Additional Book Information
Series: NYRB Classics
Publication Date: March 28, 2023
by Magda Szabó, translated from the Hungarian by Len Rix
An NYRB Classics Original
The April 2023 selection of the NYRB Classics Book Club
In The Door, in Iza's Ballad, and in Abigail, Magda Szabó describes the complex relationships between women of different ages and backgrounds with an astute and unsparing eye. Eszter, the narrator and protagonist of The Fawn, may well be Szabó’s most fascinating creation.
Eszter, an only child, her father an eccentric aristocrat and steeply downwardly mobile flower breeder, her mother a harried music teacher failing to make ends meet, grows up poor and painfully aware of it in a provincial Hungarian town.
This is before World War II, and Eszter, as she tells her story of childhood loneliness and hunger, has forgotten no slight and forgiven nobody, least of all her beautiful classmate Angela, whose unforced kindness to her left the deepest wound.
And yet Eszter, post-war—which is when she has come to remember all these things—is a star of the stage, now settled in Budapest, where Angela, a devout Communist married to an esteemed scholar and translator of Shakespeare, also lives.
The Fawn unfolds as Eszter's confession, filled with the rage of a lifetime and born, we come to sense, of irreversible regret. It is a tale of childhood, of the theater, of the collateral damage of the riven twentieth century, of hatred, and, in the end, a tragic tale of love.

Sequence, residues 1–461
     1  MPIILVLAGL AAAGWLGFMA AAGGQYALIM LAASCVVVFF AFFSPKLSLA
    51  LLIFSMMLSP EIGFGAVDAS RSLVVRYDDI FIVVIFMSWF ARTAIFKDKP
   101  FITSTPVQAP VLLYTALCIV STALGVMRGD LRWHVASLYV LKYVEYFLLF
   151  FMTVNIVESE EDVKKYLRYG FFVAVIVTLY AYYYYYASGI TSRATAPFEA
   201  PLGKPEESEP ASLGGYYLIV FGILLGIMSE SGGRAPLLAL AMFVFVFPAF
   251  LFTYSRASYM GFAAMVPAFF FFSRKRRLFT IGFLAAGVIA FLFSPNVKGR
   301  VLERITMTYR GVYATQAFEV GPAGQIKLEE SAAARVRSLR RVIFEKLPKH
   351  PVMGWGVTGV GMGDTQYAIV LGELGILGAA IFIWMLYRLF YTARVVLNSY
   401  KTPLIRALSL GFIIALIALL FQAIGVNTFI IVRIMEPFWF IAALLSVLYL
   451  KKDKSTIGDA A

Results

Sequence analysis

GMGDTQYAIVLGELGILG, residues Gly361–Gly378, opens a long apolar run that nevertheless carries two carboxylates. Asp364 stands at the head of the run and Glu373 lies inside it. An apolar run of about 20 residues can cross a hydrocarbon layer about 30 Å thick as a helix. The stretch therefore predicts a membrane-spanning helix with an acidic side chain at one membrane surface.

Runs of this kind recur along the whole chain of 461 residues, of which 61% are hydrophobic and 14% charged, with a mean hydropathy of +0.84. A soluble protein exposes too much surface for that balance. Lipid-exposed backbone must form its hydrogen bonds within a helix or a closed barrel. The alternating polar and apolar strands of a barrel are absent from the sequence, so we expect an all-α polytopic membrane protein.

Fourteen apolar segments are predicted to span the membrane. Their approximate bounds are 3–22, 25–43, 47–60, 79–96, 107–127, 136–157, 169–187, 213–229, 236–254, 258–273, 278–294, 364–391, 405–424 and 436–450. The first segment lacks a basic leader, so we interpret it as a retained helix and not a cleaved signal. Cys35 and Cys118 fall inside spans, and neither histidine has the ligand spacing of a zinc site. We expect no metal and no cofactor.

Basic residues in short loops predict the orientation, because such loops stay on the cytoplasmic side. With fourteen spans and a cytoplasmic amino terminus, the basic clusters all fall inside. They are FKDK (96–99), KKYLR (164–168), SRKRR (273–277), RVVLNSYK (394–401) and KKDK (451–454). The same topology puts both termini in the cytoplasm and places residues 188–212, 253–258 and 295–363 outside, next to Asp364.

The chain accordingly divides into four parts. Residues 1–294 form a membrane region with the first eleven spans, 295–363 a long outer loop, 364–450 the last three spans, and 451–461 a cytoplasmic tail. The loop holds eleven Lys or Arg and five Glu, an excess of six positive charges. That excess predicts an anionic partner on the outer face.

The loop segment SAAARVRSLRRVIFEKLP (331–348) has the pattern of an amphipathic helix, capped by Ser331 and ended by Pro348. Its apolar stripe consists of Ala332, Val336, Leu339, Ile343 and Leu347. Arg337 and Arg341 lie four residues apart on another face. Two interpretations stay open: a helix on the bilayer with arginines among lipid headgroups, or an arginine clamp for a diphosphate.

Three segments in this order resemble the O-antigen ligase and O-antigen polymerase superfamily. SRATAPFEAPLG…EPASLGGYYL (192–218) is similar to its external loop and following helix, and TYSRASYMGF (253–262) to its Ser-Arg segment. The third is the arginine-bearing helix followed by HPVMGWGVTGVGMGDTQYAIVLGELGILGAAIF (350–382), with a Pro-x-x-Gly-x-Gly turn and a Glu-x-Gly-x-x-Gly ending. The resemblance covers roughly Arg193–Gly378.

Szabó has created a character of defiant complexity and perverse, utterly plausible self-destructiveness. . . . Szabó’s psychological acuity, amply on display in her later novels, is thoroughly present here too.
—Claire Messud, Harper’s Magazine
Len Rix, the translator of three other novels by Szabó (1917–2007), renders Eszter’s blunt, merciless narration in smoothly cold prose.
—Nick Holdstock, TLS
This is a story of how a monster is made and of how successive disorienting, alienating crises in twentieth-century Hungarian history—and most of all the distorting crisis of poverty, the crisis of class inequality and class resentment—has made its monsters.
—Meghan Racklin, Asymptote
It is hard to choose among Magda Szabó's novels which is the most powerful or most unforgettable, but The Fawn stands with The Door, not only because one cannot put it down but because it is a study of love found and betrayed and the personal tragedies that in Hungary were made so acute by World War II.